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  5. "Tha caraid aig Ealasaid."

"Tha caraid aig Ealasaid."

Translation:Elizabeth has a friend.

November 30, 2019



Exactly as in Russian: Есть друг у Елизаветы ('Is friend at Elizabeth')!


Interesting that the subject is placed at the end of the sentence (in this case Ealasaid) in Scottish Gaelic. Is it always like that or is it when a sentence has a subject, an object, and a verb, like in this sentence?


Okay, I've had to think about this a lot!

So in English, sentences take the form SUBJECT, VERB, OBJECT, right? SVO. Gaelic sentences, on the other hand, take the form VERB, SUBJECT, OBJECT (VSO).

In the English sentence 'Elizabeth has a friend', it very clearly follows the normal SVO pattern. Elizabeth is the subject, has is the verb, and a friend is the object.

Now here's where it gets a bit complicated.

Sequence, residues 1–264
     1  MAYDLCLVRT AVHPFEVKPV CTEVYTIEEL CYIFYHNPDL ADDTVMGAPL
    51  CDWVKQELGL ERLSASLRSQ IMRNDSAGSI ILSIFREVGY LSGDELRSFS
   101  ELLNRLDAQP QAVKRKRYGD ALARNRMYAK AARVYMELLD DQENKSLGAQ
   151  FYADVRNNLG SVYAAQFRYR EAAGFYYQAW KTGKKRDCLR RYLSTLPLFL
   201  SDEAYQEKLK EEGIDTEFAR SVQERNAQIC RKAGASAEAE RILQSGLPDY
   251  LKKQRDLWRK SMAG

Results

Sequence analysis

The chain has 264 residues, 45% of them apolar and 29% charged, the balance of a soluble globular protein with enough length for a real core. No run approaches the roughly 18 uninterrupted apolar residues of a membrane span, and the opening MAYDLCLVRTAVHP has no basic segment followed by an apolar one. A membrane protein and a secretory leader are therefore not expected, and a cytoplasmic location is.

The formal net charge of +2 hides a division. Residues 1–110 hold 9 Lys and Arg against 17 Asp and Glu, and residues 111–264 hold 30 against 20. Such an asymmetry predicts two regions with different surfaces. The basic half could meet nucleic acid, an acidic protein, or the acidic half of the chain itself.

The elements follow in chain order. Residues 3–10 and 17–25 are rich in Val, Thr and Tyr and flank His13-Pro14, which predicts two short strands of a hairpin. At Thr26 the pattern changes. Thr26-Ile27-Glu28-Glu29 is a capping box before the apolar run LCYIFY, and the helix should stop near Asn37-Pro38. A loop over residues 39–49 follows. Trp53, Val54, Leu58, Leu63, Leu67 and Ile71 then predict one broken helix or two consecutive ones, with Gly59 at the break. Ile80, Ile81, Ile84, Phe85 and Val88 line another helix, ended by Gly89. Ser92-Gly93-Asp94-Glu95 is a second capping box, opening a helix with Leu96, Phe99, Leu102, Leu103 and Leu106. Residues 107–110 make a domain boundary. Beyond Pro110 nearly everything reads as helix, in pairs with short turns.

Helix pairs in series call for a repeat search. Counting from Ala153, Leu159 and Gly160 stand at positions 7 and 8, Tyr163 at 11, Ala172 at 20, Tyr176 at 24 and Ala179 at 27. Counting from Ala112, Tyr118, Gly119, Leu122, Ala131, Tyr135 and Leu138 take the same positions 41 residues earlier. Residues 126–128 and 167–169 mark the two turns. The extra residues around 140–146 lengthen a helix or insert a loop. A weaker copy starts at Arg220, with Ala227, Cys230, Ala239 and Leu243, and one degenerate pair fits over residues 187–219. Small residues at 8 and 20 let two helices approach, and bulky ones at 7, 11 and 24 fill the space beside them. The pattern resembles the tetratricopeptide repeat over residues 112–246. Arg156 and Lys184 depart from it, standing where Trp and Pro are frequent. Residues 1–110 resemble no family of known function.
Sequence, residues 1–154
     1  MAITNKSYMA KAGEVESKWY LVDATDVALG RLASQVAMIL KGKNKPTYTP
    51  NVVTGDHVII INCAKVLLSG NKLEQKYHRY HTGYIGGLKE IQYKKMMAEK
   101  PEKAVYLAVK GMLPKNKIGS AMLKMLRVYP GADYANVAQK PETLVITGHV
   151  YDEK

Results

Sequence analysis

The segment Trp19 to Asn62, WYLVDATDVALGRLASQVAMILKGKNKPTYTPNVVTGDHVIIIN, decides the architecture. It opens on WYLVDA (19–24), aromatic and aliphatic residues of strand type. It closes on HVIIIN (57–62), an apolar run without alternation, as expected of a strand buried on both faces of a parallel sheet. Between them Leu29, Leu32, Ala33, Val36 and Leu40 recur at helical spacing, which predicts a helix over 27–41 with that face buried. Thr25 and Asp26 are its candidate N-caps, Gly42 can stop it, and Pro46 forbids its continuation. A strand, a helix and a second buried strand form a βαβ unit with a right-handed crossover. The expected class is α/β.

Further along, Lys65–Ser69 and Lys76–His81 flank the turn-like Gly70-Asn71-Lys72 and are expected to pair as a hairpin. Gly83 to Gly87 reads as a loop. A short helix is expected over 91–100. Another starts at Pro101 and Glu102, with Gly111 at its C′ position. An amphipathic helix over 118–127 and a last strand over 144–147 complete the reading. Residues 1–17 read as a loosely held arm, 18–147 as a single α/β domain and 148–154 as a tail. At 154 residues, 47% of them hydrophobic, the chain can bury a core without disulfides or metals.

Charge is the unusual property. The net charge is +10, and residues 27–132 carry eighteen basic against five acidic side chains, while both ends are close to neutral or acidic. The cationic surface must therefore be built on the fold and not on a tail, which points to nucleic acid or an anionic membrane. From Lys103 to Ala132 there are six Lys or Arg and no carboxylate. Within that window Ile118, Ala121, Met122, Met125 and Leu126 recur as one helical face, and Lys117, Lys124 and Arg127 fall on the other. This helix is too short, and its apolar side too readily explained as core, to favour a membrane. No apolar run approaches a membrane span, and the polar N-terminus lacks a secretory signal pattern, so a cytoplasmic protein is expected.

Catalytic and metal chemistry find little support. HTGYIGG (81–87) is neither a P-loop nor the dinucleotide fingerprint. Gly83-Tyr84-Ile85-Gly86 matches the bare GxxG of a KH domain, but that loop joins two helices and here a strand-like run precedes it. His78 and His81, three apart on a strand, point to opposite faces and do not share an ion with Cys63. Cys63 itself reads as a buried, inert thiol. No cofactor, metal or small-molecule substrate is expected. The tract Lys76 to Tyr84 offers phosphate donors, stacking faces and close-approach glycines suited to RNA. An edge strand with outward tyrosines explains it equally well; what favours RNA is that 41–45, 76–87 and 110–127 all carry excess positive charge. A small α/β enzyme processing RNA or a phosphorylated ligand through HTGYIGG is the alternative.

The subject in the Gaelic sentence here is actually the caraid, and not Ealasaid. The subject of the sentence is the one which is doing, and the object is the one who is being acted upon by the subject. Here, the caraid is the subject because they are the one doing. They are existing as Ealasaid's friend. They are aig Ealasaid. Ealasaid is only there to receive them. Therefore she is the object.

If I had to literally translate that sentence, I could put it as something like: 'A friend is at Elizabeth.' It doesn't really read properly in English, but you get the gist. The friend, in that sentence, would be the subject, and Elizabeth the object.

I hope that makes sense! (And I hope I've got that right!)


Thank you! That explains it so well!


Thank you. Very clear.


The subject in the Gaelic sentence is actually "caraid".

lit. "A friend is at Mairi".

edit: Elizabeth not Mairi, but you get the idea


Ah I see! Thanks again for answering my questions! :-) Have another lingot!


Would it be as simple as adding caraid "-balach" to form Elizabeth has a boyfriend ?

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